Greenpeace, as part of its Toxic Chemicals campaign, highlighted the use of chemicals which are on the European Union’s list of chemicals ‘of Very High Concern’ – that is substances that persist in the environment, build up in the human body, or may cause cancer, damage genetic material, damage the reproductive system or disrupt the hormone system. Vinyl floor coverings, according to Greenpeace, contain phthalates and sometimes chlorinated paraffins, organic tin compounds and other toxic substances, some of which are known to leach out. Cork tiles get a green rating from Greenpeace, meaning that, as far as they have been able to ascertain, the product is free from ‘chemicals of very high concern’. However they add that some sealed cork tiles are coated with PVC which contains phthalates, organotins and alkyphenols. Lino (linoleum) is not the same as vinyl and is made from natural raw materials, is very hard wearing and naturally antiseptic. Forbo Flooring manufacture Marmoleum, which they explain is a natural linoleum product using raw materials from renewable sources including very finely ground limestone, wood flour, resin, cork flour, pigments and linseed oil with a natural jute backing.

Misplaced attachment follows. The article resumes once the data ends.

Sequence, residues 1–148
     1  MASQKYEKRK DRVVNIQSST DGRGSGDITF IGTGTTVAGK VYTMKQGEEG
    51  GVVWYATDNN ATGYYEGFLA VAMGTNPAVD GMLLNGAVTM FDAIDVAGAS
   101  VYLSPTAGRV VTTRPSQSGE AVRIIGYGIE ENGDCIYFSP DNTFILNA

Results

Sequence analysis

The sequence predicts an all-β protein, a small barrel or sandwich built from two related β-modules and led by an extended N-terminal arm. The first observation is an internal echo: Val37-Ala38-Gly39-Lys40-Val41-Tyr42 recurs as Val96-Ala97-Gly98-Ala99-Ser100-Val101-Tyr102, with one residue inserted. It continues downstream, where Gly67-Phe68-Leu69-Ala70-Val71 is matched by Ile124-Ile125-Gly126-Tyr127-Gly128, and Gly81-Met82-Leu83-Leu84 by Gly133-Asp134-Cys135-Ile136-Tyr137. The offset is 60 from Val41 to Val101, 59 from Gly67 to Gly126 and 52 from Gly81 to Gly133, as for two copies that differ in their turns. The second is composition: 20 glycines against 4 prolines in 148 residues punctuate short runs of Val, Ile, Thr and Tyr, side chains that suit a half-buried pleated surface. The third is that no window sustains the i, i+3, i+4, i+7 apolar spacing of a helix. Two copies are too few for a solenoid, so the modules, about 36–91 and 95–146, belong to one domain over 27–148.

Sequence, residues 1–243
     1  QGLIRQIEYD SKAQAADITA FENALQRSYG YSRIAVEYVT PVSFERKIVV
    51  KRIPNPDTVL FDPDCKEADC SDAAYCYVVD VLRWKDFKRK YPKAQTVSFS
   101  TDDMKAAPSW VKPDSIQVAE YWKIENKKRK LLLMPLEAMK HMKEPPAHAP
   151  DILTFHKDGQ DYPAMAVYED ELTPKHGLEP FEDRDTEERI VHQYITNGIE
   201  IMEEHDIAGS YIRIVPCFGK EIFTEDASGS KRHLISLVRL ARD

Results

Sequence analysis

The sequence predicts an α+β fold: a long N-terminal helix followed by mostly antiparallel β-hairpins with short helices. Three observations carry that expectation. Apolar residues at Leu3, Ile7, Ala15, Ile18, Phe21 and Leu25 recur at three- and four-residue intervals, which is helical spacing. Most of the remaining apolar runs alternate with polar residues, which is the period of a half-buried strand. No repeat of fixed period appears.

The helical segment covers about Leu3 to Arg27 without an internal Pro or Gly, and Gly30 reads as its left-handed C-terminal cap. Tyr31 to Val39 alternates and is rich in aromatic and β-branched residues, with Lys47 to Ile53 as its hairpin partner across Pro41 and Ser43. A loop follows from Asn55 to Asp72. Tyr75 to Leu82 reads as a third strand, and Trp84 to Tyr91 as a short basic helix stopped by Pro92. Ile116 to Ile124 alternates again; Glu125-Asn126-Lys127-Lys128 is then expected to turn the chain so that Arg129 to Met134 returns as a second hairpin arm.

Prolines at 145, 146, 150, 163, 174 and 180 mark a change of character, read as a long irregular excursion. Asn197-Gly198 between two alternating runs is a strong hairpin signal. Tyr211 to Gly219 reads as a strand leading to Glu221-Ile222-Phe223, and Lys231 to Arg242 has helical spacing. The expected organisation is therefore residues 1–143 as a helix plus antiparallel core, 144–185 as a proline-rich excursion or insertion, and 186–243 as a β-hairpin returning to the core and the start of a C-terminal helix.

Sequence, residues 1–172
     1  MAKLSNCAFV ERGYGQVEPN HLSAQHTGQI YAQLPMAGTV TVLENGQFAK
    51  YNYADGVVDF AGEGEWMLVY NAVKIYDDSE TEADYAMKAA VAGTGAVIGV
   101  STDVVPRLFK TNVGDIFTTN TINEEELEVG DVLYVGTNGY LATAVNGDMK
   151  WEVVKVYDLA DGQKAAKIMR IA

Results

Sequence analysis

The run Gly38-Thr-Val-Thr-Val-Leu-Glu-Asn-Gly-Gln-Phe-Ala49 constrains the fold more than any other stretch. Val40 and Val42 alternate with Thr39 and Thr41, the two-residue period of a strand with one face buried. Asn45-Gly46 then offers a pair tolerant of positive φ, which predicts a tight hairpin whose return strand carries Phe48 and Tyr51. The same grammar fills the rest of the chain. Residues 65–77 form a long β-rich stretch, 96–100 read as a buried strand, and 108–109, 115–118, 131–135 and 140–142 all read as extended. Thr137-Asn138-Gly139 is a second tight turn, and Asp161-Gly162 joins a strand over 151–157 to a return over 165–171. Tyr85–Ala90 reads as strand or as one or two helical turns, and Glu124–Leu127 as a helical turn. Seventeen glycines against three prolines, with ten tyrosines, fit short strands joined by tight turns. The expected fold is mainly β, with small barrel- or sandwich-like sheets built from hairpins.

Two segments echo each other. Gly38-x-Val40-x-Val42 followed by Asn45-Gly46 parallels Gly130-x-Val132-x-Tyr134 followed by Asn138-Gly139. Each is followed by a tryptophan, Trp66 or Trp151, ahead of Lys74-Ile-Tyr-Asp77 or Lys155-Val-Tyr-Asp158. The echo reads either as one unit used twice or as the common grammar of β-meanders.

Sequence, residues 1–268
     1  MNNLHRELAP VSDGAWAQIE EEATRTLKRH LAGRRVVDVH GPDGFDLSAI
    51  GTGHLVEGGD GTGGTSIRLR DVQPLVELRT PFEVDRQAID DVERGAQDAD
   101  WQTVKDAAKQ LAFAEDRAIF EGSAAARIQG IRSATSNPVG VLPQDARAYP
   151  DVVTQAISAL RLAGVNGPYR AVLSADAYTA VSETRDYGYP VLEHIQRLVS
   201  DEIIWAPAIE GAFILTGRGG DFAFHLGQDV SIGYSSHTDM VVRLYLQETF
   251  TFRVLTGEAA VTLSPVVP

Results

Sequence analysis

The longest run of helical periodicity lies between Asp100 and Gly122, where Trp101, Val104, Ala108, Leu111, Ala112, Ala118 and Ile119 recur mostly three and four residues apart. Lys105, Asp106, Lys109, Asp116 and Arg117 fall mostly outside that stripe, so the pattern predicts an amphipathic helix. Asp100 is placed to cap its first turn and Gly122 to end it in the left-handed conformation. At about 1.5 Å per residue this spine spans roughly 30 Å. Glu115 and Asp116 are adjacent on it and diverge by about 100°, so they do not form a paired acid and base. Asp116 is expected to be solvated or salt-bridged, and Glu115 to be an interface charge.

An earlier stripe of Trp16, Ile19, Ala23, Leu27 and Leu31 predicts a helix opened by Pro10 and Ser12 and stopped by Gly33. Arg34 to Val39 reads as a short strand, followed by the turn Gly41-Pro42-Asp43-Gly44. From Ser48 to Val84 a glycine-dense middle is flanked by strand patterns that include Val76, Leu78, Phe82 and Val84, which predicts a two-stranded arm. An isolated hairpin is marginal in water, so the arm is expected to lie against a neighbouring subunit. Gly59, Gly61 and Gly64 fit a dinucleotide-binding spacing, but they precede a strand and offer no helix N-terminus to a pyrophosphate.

Carpets are made from a variety of materials, including wool and polypropylene. Wool carpets may be treated with a variety of chemicals, including those categorised by Greenpeace as ‘of very high concern’, such as brominated flame retardants and organotins. But some manufacturers have told Greenpeace that they are committed to phasing out harmful chemicals and a few have explicitly said their products do not contain harmful chemical pollutants. It is worth asking. In their section on ‘product integrity’ the John Lewis Partnership say ‘our strategy is to stop using all chemical substances known to be directly hazardous to human health, where safer alternatives are available’. Construction Resources point out that ‘to carry the Woolmark label, wool has to be treated with pyrethroids, which act as nerve poisons, and their use in carpets has been banned in the USA for 15 years’. Other concerns are synthetic dyes, synthetic latex which, unlike natural latex, is not biodegradable, and fire retardants. Some natural materials such as sisal may have synthetic latex backing.